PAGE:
• Excessive accumulation of generic things: Hoarders fear that something bad will happen if they throw anything away. They compulsively hoard things that they don’t need or use. They might, for example, collect woollen clothes and cartons.


American actor Jack Nicholson won an Oscar for his brilliant portrayal of Melvin, a novelist who suffers from OCD, in the 1997 film As good as it gets.

How to treat OCD

Despite the perils of a disorder like obsession, help is available. With treatment and a good support system, you can break free of the unwanted thoughts and irrational urges and take back control of life. The following strategies can be used:

  • Psychological intervention or psychotherapy
    Behaviour therapy has a lot to offer to individuals with this disorder. Systematic desensitisation techniques involve gradually exposing the patient to ever-increasing anxiety-provoking stimuli.
    Cognitive-behavioural therapy, which may have some effectiveness for people who suffer from OCD include saturation and thought-stopping. Through saturation, the patient is directed to do nothing but think of one obsessive thought, which worries them. After concentrating on this one thought for a number of days, the obsession can lose some of its strength. Through thought-stopping, the individual learns how to halt obsessive thoughts by identifying the thoughts and then averting it by doing an opposite, incompatible response.
  • Medications
    Certain medication has proven to be effective in combating this disorder. However precaution must be taken to prevent an overdose.
  • Social support
    Active participation by friends or family in the recovery of an OCD patient is essential. Family members and friends can help by ensuring that medication is taken at the appropriate time, attending follow-up sessions with the patient’s therapist to monitor progress and providing constant motivation at each stage.

Overcoming OCD

In another true story, Radha, a 35-year-old entrepreneur, married with seven-year-old twins was diagnosed with OCD. Prior to being diagnosed, she ran a thriving chain of designer boutiques. Unfortunately her personal and professional life was hanging by a thread.

Radha was obsessed with perfection. She wanted all the clothes in her boutique to be crease free and arranged symmetrically at all times. Employees had to be impeccably dressed and cash in the registers had to arranged denomination-wise. The display lights, carpets and windows had to be cleaned till they shone. She would fire employees instantly if they didn’t comply with her norms. At home, her kids were petrified of her. She would beat them up mercilessly if they left their toys strewn on the floor. She expected them to arrange their school books according to colour or height. She would even hit her husband if he didn’t place his shoes, laptop, clothes and other items in their allocated places.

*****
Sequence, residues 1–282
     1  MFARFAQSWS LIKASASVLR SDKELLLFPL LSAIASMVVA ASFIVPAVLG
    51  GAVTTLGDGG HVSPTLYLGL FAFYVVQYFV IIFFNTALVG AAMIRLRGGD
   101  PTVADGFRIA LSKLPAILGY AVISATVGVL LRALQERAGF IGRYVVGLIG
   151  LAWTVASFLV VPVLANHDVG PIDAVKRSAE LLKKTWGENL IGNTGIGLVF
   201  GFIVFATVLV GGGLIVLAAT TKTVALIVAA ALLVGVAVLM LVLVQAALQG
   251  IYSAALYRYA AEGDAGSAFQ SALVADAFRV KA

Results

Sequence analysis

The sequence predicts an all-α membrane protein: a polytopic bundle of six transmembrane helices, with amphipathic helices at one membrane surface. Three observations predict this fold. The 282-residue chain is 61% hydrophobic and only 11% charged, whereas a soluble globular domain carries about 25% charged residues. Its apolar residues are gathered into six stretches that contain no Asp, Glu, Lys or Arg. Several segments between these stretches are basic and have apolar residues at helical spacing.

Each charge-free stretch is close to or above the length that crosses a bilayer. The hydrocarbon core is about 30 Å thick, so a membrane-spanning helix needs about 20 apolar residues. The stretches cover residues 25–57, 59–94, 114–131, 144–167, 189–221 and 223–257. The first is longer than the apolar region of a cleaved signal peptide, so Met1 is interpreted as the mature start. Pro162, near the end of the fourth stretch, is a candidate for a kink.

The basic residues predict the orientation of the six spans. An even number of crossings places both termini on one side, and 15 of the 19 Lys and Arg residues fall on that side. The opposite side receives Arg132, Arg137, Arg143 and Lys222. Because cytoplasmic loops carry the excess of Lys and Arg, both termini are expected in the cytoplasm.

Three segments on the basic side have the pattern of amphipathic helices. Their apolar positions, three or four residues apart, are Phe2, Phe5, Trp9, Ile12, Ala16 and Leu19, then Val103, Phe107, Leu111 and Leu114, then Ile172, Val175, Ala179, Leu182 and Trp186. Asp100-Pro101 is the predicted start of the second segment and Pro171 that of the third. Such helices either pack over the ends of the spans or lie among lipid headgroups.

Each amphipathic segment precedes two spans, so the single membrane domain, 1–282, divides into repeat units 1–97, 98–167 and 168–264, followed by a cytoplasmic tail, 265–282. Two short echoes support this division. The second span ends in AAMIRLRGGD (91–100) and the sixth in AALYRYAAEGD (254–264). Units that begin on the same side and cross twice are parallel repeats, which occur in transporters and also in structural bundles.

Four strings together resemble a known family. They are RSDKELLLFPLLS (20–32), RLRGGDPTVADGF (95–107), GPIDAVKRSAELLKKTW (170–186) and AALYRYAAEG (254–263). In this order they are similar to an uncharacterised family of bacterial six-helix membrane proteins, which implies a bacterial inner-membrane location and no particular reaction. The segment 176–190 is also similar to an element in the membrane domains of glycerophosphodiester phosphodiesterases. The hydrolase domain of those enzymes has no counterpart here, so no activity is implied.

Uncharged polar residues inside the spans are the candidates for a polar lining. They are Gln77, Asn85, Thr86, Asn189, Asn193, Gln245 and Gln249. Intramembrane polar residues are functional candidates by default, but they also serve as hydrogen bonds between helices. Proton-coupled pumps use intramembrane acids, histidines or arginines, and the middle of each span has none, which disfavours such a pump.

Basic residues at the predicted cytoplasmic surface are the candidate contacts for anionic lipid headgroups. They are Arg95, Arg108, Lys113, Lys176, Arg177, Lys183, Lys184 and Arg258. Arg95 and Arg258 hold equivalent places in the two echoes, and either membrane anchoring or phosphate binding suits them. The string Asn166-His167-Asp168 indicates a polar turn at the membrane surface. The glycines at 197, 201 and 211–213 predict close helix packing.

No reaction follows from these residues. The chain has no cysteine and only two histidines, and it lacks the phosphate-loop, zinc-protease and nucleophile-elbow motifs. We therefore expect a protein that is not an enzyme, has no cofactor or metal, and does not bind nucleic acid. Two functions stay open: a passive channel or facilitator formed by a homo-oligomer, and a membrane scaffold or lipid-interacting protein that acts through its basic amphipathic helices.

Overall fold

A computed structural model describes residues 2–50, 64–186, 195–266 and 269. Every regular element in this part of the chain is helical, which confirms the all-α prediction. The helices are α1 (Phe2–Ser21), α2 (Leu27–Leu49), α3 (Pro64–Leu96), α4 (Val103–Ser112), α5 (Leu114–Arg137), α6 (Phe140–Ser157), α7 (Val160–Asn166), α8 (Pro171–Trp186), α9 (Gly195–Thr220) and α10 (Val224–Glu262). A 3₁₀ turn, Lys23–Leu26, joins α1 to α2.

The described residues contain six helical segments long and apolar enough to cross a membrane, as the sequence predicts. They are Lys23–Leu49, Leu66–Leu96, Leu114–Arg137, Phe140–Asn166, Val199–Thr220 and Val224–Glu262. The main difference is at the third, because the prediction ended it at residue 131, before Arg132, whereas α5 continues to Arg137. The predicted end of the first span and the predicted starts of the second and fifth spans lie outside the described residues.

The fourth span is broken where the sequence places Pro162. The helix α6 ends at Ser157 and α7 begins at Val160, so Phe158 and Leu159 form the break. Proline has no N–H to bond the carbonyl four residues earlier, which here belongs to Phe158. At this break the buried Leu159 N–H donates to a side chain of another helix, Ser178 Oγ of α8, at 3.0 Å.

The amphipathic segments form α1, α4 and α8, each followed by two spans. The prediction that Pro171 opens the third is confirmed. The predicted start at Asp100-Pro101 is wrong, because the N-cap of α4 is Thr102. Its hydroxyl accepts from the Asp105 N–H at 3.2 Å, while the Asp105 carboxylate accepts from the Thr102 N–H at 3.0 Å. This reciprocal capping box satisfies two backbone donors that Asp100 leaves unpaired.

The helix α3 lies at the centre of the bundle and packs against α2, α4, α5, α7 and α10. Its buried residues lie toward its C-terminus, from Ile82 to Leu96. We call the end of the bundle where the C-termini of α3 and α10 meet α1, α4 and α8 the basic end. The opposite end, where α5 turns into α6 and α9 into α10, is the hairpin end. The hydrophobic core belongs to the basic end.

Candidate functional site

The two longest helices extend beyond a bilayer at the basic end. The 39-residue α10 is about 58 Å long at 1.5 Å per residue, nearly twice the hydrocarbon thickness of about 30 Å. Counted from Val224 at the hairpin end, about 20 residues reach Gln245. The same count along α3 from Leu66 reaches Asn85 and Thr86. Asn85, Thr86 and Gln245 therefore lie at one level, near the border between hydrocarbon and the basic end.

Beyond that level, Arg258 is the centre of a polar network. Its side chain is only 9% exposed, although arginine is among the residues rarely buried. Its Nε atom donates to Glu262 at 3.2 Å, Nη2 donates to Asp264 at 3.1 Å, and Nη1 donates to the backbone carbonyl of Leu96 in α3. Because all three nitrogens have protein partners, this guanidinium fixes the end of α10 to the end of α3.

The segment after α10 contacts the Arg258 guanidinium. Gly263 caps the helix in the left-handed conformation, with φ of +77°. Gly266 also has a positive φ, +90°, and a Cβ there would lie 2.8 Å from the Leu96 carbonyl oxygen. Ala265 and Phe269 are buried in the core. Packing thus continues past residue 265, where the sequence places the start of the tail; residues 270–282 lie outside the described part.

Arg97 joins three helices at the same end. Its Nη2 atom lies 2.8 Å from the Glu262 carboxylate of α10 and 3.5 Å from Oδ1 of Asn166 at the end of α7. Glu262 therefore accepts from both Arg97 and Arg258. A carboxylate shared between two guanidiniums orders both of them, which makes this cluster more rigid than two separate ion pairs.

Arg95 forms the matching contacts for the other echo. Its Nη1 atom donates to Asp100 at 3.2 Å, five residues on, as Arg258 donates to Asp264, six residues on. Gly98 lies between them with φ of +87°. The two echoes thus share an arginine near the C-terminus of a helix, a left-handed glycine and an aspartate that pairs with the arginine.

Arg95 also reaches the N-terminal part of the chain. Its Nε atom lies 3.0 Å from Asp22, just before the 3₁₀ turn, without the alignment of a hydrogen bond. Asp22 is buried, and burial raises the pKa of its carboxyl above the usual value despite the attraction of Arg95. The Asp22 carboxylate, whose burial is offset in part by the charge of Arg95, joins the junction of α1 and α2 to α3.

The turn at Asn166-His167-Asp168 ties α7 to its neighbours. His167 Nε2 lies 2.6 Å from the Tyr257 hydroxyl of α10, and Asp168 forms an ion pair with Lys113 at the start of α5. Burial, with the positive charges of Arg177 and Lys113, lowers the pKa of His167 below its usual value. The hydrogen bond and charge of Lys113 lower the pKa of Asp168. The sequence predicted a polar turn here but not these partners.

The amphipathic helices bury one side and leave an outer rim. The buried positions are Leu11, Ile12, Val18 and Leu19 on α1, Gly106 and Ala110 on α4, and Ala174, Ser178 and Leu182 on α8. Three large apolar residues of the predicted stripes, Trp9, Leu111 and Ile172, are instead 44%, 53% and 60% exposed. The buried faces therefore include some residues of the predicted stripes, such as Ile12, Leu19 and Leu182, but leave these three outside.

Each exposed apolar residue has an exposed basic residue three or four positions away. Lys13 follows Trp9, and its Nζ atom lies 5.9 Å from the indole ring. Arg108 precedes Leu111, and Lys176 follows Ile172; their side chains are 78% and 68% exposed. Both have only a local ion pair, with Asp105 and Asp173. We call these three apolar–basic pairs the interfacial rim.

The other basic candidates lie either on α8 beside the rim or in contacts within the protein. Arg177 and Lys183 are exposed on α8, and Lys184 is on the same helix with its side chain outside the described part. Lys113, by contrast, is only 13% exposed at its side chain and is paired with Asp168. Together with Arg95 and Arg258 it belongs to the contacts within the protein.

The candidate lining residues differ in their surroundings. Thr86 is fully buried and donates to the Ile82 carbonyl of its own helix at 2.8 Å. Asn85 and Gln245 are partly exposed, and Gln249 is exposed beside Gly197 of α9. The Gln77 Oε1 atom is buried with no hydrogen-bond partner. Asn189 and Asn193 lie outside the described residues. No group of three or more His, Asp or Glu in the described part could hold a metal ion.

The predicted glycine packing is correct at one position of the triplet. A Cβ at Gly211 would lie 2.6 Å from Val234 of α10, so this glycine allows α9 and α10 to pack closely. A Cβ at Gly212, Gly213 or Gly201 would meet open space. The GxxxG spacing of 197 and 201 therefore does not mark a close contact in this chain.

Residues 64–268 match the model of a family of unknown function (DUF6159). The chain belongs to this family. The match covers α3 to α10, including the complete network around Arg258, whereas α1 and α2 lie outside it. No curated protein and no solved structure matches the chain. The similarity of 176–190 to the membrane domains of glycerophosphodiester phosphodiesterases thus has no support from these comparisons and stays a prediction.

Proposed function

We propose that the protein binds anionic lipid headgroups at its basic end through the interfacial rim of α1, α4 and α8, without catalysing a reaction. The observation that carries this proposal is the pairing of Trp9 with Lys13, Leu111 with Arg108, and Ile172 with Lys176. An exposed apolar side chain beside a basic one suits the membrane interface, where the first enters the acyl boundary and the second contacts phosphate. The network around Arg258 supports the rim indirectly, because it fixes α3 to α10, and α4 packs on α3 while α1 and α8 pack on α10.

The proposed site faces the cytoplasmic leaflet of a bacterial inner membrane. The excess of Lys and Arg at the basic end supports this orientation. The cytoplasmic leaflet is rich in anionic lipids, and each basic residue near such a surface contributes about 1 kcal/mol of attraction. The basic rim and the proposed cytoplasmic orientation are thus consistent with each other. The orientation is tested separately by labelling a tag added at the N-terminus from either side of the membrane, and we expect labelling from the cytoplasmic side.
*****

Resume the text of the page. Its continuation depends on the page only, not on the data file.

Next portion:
As things started to get worse, her husband, with the help of her parents, arranged for her to visit a clinical psychologist. But with a lot of support from her family, she met a psychiatrist and a psychologist. Her psychiatrist started her on medication. Her family asked her employees to monitor whether she was taking her medications on time and also requested them to act normal and not to treat her as an ill person. Her siblings made sure she went for her psychotherapy sessions. Her friends would speak to her every week to motivate her on her progress. In a couple of months she began to change; the change was gradual but positive.

Today, Radha is back to being the loving wife, doting mother, happy employer and OCD-free person that she used to be.

All of us have a few harmless obsessions. It’s only when these spin beyond our control and get into endless loops of behaviours that it can be labelled as OCD. Anyone can get OCD irrespective of age, gender, education or socio-economic status.

People who have OCD are suffering and need to be encouraged to seek professional help so that their obsession can be brought under control.

This was first published in the March 2015 issue of Complete Wellbeing.